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Also, right now, I am on a big wildlife photography kick. I truly enjoy shooting stills. For the past 10 years my entire focus has been shooting video, but I think burn out set in and somewhere in 2014 I started trying to shoot less video and more stills. The bug hit me hard this year and I am on a full on kick right now, trying to improve my photography. I still shoot video, because I believe that video tells a way better story. But it is not my main focus. I am enjoying the process right now and this journey that I am on. So videos and video blogs will be few and far between.

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For those of you that have been following my story, (I have been writing blogs since 2005), my journey is always ever evolving. Maybe that is due to my ADD mind set, along with my addictive personality? I don’t really know. But so far it has been a lot of fun, even with all the bump and bruises along the way.  Anyway, on to my latest blog and what I have been up too...

We just returned from Tiger Beach (Oct. 21 -27). This was our first SDM trip of the winter tiger season. It was an amazing trip with a lot of really great people. I was on fire to get back there. I had not been there since January of this year, so it was long over due and I was anxious to get there and check on my friends.

October has always been a great time of year to visit Tiger Beach because that is when all our big tigers return to these waters. They normally leave during the summer months and go off to different parts of the world. Some of the tagged TB tigers have been reported off the coast of Cuba, some Florida. Others up the Atlantic towards New York. So crazy how far some of them travel. 

Of course it worries the hell out of me because once the tigers leave the Bahamas, they are no longer protected. Bahamas is a shark sanctuary, but the rest of the Atlantic and waters beyond are not. SO, when my tigers migrate off during the summer, I am always worried some damn fishermen will find them. Especially Hook and Emma, the jaws on these massive tigers would make some dirtbag fisherman, a dream trophy for their wall. I have been working with a few of these tigers for a lot of years now and it would kill me if anything ever happened to them.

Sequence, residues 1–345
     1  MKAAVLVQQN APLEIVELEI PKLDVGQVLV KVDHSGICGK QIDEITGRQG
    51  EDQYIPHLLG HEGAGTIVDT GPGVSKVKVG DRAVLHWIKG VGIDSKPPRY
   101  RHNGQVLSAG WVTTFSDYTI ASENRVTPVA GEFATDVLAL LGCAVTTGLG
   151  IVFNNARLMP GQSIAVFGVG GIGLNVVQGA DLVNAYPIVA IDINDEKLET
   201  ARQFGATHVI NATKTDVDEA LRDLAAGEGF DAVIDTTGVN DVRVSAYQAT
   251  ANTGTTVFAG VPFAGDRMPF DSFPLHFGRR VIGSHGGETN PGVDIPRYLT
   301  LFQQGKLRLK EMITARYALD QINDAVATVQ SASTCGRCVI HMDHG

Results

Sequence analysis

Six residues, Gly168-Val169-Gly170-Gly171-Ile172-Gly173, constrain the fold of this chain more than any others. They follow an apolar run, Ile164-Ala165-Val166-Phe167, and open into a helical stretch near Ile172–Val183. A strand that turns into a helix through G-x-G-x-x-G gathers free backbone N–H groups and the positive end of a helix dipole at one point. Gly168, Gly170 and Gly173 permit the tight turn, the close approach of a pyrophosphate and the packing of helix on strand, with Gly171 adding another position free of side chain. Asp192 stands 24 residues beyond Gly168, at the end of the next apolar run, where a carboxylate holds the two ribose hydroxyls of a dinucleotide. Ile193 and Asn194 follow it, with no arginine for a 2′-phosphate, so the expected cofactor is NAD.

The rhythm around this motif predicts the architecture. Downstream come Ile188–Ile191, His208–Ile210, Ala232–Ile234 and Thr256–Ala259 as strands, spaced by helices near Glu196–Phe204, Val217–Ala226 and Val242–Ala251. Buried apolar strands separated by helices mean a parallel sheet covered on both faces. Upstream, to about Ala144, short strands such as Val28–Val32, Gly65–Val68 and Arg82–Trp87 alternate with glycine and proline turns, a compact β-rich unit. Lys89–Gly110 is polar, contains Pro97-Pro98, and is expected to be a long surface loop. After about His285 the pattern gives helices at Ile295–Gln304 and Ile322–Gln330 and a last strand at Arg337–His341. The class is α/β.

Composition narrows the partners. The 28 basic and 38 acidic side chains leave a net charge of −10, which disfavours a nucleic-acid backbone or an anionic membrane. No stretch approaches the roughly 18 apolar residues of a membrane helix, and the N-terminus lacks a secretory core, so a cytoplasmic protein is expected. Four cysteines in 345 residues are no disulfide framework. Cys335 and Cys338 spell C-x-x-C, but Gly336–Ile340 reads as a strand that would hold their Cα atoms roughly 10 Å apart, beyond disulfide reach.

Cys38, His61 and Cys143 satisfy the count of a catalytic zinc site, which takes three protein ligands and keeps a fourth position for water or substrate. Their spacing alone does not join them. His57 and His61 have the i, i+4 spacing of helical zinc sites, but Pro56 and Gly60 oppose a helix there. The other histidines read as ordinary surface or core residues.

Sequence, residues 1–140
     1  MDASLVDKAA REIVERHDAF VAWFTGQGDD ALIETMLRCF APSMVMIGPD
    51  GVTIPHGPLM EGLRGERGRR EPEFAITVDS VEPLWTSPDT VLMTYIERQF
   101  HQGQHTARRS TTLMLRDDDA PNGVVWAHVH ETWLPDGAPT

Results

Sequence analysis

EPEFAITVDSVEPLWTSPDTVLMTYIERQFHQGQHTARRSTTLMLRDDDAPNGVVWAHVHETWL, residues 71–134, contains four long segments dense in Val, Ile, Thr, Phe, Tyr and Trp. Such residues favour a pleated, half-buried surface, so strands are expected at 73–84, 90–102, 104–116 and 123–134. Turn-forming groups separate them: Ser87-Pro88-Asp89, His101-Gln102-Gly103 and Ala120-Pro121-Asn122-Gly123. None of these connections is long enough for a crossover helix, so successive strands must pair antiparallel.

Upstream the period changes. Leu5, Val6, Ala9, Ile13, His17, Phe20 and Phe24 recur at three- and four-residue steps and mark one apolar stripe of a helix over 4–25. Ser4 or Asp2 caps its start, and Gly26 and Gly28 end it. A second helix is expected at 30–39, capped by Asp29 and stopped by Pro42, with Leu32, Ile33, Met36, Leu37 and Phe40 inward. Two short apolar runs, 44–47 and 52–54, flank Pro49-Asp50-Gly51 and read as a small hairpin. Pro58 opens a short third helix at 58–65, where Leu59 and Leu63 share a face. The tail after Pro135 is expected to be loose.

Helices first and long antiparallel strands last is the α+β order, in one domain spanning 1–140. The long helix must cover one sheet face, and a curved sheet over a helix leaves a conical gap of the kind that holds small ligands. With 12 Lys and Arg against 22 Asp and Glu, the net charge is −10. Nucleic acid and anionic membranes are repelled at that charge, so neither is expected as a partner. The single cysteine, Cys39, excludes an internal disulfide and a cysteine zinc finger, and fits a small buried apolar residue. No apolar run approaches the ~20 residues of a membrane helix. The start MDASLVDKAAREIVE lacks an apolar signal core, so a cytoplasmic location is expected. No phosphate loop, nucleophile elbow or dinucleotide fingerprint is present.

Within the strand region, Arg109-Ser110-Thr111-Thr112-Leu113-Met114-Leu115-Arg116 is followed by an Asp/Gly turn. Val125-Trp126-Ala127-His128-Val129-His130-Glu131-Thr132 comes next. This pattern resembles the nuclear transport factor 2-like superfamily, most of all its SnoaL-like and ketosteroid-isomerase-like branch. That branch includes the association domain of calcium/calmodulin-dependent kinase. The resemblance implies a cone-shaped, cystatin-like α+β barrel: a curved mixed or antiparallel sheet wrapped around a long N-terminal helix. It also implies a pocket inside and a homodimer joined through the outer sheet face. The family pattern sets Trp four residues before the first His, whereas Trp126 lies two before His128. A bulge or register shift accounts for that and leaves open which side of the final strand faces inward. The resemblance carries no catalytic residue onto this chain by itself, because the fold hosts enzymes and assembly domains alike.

Emma and Hook. Have known both of these sharks for ten years.

Emma and Hook. Have known both of these sharks for ten years.

 Hook with a bullet hole. She healed up fine.

Hook with a bullet hole. She healed up fine.

Normally my girls, Hook, Emma, Princess and Tequila are here in October. This year, they were a no-show. We had a few others there; Maui, Freckles, Jitterbug and Zena spent the week with us, but not my main girls. So I am starting out this season a bit on edge. Where the hell are they? One year, Hook showed up with a bullet wound in her. So yes, I am always worried until I seem them safely back in the Bahamas.

On the positive side of things,  the waters at Tiger Beach are still very warm, so I am hoping that is what is causing our big tiger shark aggregation delay this season. I will thankfully be back there the first week of December, and hopefully there will be a nice reunion waiting for us when we get there. I will for sure keep you posted.

Here are a few images from our October trip. I didn’t take them, my partner in crime, Maritza did. I was busy feeding and keeping everyone safe, so I didn’t have a chance to shoot. 



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Of course that does make sense when you read the first part of my blog and I am talking about my photography journey, then show case Mari’s work. Well, when I started writing this blog, I wasn't sure exactly what I wanted to say...so I just started writing. Plus, I had just finished editing some images of wild deer, my Sophia and I went to photograph yesterday evening. We make it a point to seek out wildlife to photograph everyday when I am home. Most of the time it is birds, but when we find wild mammals to photograph, we are all over it. So here are a few pics from our evening session the other night.

We went at dusk to try and catch the golden light that the setting sun gives off. I have seen so many amazing images from world class photographers when they catch wildlife with this light and the images are just epic. So I have been trying to mimic some of those shots I have seen. I still have a lot of work to do to try and capture that perfect golden moment, but I am slowly on my way…

Thank you for reading...Next adventure report...Pelagics off Baja!